Tesla STEM students honored, talk shop on reducing CO2 emissions

Students from Redmond’s Tesla STEM High School received an award from the U.S. Environmental Protection Agency (EPA) for their work to reduce the carbon footprint of their school and at home.

The 13 students who started the “Schools Under 2C” program from Tesla were among students from 13 states to receive the 2016 President’s Environmental Youth Award.

Anne Lee, president of the Tesla program, said its purpose was twofold.

“The whole goal of this wasn’t just a compliance campaign, but to start an education campaign,” she said.

This included composting programs, light use reduction plans and developing a transportation application where students can track how they got to school. Greener forms of transportation, such as biking or walking, earn more points that can be collected and redeemed for prizes by students.

Other forms of transportation included carpooling or using public transit. Tesla currently has a process for letting students track their commute, but the app developed by the group makes it easier for students to get involved.

Fred Qin, compliance director for the program, said their goal was to reduce CO2 emissions by 28 percent based on factors they could control.

Many of these fixes boiled down to basic changes, like asking teachers to turn off lights for at least one-and-a-half hours every day or composting.

“It’s a really simple behavioral issue rather than a technological issue,” Qin said.

In a press release issued by the EPA, Administrator Scott Pruitt praised the students.

“We are pleased to honor these impressive young leaders, who demonstrate the impact that a few individuals can make to protect our environment,” he said. “These students are empowering their peers, educating their communities and demonstrating the STEM skills needed for this country to thrive in the global economy.”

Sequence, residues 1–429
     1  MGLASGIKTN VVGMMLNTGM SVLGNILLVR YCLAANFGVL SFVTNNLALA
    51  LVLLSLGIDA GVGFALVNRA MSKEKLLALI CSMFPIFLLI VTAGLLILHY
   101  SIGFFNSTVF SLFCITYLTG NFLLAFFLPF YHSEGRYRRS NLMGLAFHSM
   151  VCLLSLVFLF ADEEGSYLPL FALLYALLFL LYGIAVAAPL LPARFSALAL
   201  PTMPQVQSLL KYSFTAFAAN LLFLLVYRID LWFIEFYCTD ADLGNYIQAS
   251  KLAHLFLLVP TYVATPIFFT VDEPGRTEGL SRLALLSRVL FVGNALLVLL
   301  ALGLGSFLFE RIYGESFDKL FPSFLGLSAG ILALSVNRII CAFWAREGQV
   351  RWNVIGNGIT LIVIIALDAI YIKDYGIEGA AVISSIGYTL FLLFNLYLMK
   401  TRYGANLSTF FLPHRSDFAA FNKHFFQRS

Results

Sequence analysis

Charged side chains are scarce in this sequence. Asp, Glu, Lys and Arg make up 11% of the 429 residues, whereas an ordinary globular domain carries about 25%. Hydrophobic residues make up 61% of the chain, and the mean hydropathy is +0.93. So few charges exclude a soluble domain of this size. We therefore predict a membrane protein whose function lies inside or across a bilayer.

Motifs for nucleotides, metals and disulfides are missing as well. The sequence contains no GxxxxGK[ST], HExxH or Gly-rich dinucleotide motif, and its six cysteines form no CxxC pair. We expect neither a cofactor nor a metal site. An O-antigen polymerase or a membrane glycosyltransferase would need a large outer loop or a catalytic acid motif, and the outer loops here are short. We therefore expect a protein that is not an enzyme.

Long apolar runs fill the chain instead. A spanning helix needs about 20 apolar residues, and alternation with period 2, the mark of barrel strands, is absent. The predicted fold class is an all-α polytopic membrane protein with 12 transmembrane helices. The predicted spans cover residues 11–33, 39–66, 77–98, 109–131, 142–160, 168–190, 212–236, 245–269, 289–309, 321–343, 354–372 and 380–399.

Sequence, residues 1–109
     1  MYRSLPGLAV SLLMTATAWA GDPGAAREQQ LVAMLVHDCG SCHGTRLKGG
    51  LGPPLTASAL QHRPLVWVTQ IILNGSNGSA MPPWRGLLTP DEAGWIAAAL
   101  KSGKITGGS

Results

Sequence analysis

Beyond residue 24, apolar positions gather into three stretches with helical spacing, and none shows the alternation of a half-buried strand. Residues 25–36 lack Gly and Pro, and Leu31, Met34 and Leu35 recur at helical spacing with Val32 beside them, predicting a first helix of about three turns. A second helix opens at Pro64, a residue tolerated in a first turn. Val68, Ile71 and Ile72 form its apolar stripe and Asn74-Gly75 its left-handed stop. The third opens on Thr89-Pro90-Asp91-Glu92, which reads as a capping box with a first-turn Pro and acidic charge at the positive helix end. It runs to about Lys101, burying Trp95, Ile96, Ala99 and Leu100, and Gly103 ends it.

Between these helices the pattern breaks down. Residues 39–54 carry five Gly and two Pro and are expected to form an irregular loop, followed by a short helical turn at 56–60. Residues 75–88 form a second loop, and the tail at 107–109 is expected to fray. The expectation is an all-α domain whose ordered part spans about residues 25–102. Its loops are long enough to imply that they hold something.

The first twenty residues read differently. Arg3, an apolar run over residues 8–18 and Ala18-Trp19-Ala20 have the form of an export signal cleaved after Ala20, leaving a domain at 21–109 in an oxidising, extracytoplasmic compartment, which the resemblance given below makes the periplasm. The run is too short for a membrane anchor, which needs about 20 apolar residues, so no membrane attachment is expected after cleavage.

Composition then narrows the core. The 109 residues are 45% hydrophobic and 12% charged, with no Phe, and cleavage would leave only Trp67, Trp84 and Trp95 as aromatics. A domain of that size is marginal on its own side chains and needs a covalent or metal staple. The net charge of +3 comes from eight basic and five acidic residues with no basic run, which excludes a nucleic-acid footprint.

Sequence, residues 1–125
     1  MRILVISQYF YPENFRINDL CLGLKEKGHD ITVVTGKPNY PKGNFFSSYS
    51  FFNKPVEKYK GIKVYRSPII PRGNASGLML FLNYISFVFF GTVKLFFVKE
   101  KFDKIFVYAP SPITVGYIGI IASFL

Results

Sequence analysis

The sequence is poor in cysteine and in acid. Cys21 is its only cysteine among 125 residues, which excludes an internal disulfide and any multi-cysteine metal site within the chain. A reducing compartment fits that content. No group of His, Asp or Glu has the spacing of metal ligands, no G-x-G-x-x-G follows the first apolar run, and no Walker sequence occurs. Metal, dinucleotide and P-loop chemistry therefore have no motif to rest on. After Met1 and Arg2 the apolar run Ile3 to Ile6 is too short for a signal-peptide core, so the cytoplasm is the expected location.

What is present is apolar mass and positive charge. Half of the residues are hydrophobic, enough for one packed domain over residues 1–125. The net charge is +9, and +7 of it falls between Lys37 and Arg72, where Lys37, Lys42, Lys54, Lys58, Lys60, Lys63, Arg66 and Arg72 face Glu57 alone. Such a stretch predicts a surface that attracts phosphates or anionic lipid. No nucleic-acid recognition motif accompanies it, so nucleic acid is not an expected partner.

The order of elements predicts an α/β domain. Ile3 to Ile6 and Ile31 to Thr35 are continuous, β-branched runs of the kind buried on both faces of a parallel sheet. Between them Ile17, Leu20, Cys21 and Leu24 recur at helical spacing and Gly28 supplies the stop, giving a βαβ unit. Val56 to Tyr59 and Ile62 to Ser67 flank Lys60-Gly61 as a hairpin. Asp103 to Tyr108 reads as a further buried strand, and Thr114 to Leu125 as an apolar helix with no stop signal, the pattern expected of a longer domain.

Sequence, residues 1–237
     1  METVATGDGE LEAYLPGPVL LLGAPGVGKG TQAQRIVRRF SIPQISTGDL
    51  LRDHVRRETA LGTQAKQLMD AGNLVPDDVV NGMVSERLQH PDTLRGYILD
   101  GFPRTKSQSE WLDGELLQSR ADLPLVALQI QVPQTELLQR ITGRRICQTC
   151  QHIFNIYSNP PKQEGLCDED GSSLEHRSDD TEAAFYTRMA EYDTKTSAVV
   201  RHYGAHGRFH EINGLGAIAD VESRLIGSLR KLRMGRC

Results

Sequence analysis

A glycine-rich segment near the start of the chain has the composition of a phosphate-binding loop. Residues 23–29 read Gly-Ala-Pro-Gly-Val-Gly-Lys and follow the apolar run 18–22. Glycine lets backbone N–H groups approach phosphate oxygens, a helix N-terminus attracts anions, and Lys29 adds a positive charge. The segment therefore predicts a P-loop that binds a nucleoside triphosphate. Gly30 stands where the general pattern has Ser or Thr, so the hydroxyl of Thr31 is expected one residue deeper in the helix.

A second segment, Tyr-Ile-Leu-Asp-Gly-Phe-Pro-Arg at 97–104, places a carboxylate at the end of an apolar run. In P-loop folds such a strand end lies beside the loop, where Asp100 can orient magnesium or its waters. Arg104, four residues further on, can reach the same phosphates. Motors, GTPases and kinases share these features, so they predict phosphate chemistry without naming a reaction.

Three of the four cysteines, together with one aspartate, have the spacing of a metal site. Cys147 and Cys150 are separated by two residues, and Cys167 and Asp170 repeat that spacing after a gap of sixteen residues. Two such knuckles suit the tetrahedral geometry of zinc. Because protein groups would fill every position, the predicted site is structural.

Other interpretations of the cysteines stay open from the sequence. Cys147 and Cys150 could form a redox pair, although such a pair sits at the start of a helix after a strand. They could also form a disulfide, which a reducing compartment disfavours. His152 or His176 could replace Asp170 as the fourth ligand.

Besides just being competitive nationally, the students are also expanding the “Schools Under 2C” program globally.

Lee said they have been in contact with schools from Nepal, the Philippines, Sweden and New Zealand. The press release said at least 30 schools across the country and globally had signed onto the program.

“A lot of people from around the world were ready to take action in their communities,” Lee said.

Mike Town, Tesla teacher and program sponsor, praised his students for taking the initiative.

“It is exciting to watch our students develop a proactive program to address solutions to climate change in our school while educating students in other schools about the need to contain the increase of global temperatures to below 2 degrees,” he said in a press release.

But why are the students at Tesla taking climate change into their own hands?

Rayan Krishnan, the group’s tech department leader, said national politics helped inform their decision to start the program last fall.

“We couldn’t cast a vote for this election,” he said.

Even still, Krishnan said students at the high school knew they had to do something to “show that this generation is supporting these entities and their efforts” to reduce carbon emissions and help head off global warming’s effects.

Lee said that the program will continue over the summer months and into next year, where they hope to continue expanding its reach and effectiveness.

“We just really can’t wait to see where we’ll head next year,” she said.

Students honored from Tesla include Qin, Krishnan, Roshan Nair, Ranveer Thind, Yogitha Sunkara, Tyler Volta, Thomas Dulski, Anna Vasyura, Bryn Allesina-McGrory, Lee and Isaac Perrin.